In addition, the son of a gun could hit a baseball - hit it hard and hit it often and hit it in the clutch. Wonderful man, that Stan.
Jules Slatko, Holland
The pressure to win
I am disappointed about Lance Armstrong's admission ("Armstrong admits he doped to Oprah," Friday). The pressure to win, to be the best, is very, very strong in our culture. We all grew up on fantasy: Snow White, the Easter Bunny, and Santa Claus. The reality is insider trading, insurance fraud, no weapons of mass destruction, Barry Bonds, and Lance Armstrong. A big joke in my house is, How do you get ahead in America? Lie, cheat, and steal. It's all meant as irony, but this is America, and all too often our "joke" is reality.
Sean D. Green, Ardmore
Forgiving Lance Armstrong
Unlike Melinda Henneberger, I do forgive Lance Armstrong ("Lance's lies hurt fellow survivors," Thursday). I am a cancer survivor and the mother of a son who succumbed to testicular cancer. I never thought that Armstrong was a choir boy. What I do believe is that he could have walked away from his cancer experience and never looked back. Instead, he created an organization that provides vital information and support for the much-neglected "after cancer" experience. Worldwide, people Google "Livestrong" and have access to life-saving information. I will continue to support and use the resources of Livestrong.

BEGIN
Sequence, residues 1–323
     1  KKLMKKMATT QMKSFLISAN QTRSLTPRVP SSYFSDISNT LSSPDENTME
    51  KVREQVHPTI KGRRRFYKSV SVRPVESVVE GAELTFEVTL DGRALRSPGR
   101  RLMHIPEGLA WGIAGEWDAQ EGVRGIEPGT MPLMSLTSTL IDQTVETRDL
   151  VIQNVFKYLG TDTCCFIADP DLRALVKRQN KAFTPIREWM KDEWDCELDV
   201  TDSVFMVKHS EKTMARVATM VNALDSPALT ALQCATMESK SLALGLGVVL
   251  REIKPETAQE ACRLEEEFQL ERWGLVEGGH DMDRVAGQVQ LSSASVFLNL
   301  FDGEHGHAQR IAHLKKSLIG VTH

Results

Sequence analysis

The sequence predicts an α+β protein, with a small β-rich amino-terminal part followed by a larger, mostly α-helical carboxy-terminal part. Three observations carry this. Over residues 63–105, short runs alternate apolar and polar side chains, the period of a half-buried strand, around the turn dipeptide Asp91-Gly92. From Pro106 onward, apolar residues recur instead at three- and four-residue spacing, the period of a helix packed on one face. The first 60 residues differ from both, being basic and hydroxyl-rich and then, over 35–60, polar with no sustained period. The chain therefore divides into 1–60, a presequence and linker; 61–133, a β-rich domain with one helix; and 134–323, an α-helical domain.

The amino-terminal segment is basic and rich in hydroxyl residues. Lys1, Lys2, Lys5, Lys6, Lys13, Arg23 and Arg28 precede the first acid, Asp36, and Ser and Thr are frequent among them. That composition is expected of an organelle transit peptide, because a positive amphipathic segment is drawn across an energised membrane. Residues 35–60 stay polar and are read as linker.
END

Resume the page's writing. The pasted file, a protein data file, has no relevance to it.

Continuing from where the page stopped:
Barbara Shaeffer, Doylestown
Girls and football
The letter "Boys and tackle football" (Friday) does not view the overall picture. Our son was coaching a team composed of boys, ages 12 to 14, playing flag football. The opposing team was also all boys, with the exception of the coach's daughter, who also played.
At one point, the coach became irate and almost violent as he screamed obscenities because a boy, in his attempt to grab the flag, had touched his daughter inappropriately.
Girls can play the game on a boys' team, but it becomes a different game for all participants.
Harris Colton, Cherry Hill
Constitution is clear on oath